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gert
05-22-2002, 06:40 PM
Whats with this gorgeous wood?
Ya rip a streight board and it bows, joint it streight and rip the other edge and it bows the other way. Is this the norm? The stuff is dry, clear and edge grain old growth.

Bruce Taylor
05-22-2002, 06:47 PM
Case-hardened, perhaps...or else (less likely) you've got some "tension" wood in your lot. Sitka can have a lot of twist in the grain, and that can come unscrewed on you -- but if this is old growth, as you say, that's probably not your problem. Finally, if there's been a recent change in local humidity your wood might not have adjusted to the new r.h.

I'd put my money on the last. If your boards are warping toward the new cut, you've probably had a recent rise in humidity.

[ 05-22-2002, 07:55 PM: Message edited by: Bruce Taylor ]

Memphis Mike
05-22-2002, 06:52 PM
Lay the convex side on the grass, in the sun
in your yard. Wet the concave side with a towel
moistened with water and sit in the "moanin chair"
and watch it straighten out.

Its kinda like rollin over a half dead lamb
and then watchin him walk again. :D

[ 05-22-2002, 07:57 PM: Message edited by: Memphis Mike ]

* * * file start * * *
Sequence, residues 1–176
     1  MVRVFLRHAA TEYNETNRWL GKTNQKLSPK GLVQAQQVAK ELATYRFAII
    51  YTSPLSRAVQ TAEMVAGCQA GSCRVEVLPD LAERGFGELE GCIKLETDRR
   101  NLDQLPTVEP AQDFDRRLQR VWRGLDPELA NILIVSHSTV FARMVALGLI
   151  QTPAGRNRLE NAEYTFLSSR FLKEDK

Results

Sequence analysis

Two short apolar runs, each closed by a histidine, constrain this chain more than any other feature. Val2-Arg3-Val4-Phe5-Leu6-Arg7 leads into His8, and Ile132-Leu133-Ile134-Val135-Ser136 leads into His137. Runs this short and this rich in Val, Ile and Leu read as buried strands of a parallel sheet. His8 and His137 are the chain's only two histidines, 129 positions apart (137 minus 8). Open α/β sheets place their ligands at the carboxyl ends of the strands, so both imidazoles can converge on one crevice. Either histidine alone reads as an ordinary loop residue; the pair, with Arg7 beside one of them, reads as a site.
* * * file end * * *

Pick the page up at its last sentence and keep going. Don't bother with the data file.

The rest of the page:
Wood Guy
05-23-2002, 07:53 PM
More likely than not, the pieces you have contain "tension" (or "compression" ) wood. This is evidenced by an abrupt change in grain density across the face of the board, sometimes in localized patches, combined with a darkening (usually to yellow/brown) of the color and wavyness of the grain on the vertical grain face. The wood in these areas also appears "brashy" or somewhat "dead". If it does, do not use it for any structural application. This defect has a tremendous affect on the strength of the piece and will seriously compromise the integrity. (especially in a spar.) Unfortunately, there is no remedy for this situation but to select alternate boards.

As to case hardening; While somewhat unlikely, (due to the advances in kiln drying technology), the situation will correct itself over time. If you don't have the luxury of time to wait, remedial measures involve steaming the wood for a period of time to "stress releive" it. (Steaming at 170 degrees for 1/2 to 1 hour is the recommended rate)

Either way, the best solution is prevention. That is to say, purchase your wood from a reputable supplier who understands the manufacturing and grading requirements for boat lumber. Also, ensure that all product is inspected and certified to "mast and spar" grade.

gert
05-24-2002, 09:19 AM
I have already cut a new peice. It's grain was very wavy and stripey, I had laminated it hoping that would help but it didn't. Regretably due to the waves and color variation it was also very pretty and I am replacing it reluctently.
Thx

Nick Kent
05-25-2002, 01:07 AM
Sitka is some of the hardest stuff to work with and that is all there is to it.

Hugh Paterson
05-28-2002, 07:51 PM
Mike, Half dead lambs, Moaning chair, twisted and warped timber, christ and I thought I worked in a strange place :D You lead an exciting life fella ;)

Shug.